SWARM, noun sworm. [Latin ferveo, and boiling is very expressive of the motions of a swarm of bees. See the Verb.]
1. In a general sense, a large number or body of small animals or insects, particularly when in motion; but appropriately, a great number of honey bees which emigrate from a hive at once, and seek new lodgings under the direction of a queen; or a like body of bees united and settled permanently in a hive. The bees that leave a hive in spring, are the young bees produced in the year preceding. Exodus 8:24. Judges 14:8.
2. A swarm or multitude; particularly, a multitude of people in motion. Swarms of northern nations overran the south of Europe in the fifth century.
Note.--The application of this word to inanimate things, as swarms of advantages, by Shakespeare, and swarms of themes, by Young, is not legitimate, for the essence of the word is motion.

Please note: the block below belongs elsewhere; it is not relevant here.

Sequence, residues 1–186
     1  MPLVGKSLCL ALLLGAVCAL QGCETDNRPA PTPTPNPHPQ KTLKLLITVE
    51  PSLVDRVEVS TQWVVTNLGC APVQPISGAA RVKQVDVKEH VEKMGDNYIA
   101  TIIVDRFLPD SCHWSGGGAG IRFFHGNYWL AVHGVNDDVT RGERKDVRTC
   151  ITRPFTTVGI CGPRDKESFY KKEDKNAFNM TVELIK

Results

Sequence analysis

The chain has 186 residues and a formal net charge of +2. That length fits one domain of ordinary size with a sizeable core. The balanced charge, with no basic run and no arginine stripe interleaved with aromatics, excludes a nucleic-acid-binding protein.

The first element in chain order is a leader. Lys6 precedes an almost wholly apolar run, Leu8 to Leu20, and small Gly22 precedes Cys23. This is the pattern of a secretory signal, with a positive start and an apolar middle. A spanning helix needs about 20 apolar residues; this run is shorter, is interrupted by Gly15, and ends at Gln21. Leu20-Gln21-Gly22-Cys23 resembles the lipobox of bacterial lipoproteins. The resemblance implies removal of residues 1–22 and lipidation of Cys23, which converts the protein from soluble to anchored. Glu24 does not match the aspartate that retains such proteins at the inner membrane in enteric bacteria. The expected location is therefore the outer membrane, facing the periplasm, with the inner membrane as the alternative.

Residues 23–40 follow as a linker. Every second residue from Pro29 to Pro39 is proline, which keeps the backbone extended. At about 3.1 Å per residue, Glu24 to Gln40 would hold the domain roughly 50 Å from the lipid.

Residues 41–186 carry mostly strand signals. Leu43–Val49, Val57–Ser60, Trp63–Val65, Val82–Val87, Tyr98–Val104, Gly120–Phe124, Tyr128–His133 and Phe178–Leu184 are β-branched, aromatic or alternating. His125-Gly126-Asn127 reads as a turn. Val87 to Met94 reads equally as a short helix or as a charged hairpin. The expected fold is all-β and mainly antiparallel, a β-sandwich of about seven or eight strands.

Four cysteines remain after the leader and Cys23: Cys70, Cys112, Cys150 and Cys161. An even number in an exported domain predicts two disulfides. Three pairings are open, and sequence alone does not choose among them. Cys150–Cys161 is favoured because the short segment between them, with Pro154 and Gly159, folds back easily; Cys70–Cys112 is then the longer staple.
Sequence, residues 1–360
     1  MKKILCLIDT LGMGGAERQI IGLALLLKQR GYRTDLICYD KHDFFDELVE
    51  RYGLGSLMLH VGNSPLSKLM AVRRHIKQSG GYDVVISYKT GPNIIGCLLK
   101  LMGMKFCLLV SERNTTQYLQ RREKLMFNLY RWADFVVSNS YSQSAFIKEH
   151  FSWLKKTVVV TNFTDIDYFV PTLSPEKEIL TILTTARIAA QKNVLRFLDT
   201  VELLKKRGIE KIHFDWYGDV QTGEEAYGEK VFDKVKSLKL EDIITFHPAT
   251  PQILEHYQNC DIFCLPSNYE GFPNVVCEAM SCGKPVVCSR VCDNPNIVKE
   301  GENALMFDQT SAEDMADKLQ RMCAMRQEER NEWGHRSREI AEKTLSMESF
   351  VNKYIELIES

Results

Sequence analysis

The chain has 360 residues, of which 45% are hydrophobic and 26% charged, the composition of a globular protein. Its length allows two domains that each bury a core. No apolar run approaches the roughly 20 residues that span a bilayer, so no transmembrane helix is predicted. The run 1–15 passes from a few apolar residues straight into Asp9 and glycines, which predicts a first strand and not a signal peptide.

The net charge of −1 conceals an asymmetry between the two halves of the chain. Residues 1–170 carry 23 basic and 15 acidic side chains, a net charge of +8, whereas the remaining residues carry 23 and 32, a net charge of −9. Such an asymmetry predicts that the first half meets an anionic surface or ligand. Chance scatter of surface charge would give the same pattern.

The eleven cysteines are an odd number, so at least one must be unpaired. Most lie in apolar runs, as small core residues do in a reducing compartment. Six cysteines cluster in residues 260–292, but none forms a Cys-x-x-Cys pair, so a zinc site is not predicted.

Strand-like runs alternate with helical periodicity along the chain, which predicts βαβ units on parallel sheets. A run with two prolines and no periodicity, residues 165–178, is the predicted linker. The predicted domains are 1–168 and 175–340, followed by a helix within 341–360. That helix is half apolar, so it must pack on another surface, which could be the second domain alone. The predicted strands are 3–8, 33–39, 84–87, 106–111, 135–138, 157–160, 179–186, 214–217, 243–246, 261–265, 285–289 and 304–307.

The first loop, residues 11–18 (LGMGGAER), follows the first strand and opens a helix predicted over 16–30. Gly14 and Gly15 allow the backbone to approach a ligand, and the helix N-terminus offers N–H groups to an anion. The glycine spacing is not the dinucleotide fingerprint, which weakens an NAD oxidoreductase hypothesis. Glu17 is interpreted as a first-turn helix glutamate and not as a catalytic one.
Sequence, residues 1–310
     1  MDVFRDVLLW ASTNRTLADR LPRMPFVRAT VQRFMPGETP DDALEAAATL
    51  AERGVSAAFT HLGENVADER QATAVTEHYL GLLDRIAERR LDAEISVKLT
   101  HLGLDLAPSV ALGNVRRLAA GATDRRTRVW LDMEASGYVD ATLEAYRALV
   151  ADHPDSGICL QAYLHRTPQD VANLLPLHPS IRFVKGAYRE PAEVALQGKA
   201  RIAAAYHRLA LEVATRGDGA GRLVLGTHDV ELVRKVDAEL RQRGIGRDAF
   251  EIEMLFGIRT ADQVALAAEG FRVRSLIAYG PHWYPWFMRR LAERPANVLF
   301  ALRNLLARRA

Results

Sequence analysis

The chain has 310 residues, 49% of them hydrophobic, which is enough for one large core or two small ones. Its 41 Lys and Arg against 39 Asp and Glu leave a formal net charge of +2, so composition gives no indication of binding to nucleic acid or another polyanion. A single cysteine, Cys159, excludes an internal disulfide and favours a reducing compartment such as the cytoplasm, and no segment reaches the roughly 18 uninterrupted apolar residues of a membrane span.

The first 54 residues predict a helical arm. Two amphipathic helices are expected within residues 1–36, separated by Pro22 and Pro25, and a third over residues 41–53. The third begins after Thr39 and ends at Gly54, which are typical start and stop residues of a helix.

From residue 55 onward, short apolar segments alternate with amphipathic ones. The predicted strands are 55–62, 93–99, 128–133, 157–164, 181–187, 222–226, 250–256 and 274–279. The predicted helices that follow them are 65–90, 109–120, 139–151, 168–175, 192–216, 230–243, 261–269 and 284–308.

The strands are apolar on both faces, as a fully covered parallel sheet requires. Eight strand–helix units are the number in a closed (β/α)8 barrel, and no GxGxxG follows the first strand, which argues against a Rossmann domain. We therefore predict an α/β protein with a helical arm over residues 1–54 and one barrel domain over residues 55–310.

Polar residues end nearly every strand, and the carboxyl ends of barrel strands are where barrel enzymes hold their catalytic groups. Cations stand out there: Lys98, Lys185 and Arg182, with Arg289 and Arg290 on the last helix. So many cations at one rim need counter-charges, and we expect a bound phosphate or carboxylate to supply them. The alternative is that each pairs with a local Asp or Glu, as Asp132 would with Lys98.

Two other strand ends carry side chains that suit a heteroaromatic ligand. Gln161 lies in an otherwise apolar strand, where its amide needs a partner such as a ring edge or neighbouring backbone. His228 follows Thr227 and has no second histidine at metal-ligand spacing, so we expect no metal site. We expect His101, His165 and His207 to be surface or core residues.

SWARM, verb intransitive sworm.
1. To collect and depart from a hive by flight in a body, as bees. Bees swarm in warm, clear days in summer.
2. To appear or collect in a crowd; to run; to throng together; to congregate in a multitude.
In crowds around the swarming people join.
3. To be crowded; to be thronged with a multitude of animals in motion. The forests in America often swarm with wild pigeons. The northern seas in spring swarm with herrings.
Every place swarms with soldiers.
[Such phrases as 'life swarms with ills, ' 'those days swarmed with fables, ' are not legitimate, or wholly obsolete.
4. To breed multitudes.
5. To climb, as a tree, by embracing it with the arms and legs, and scrambling.
At the top was placed a piece of money, as a prize for those who could swarm up and seize it.
Note.--This, by the common people in New England, is pronounced squirm or squurm, and it is evidently formed on worm, indicating that worm and warm, on which swarm and squirm are formed, are radically the same word. The primary sense is to bend, wind, twist, as a worm, or a swarm of bees. It may be formed on the foot of veer, vary.
SWARM, verb transitive To crowd or throng. [Not in use.]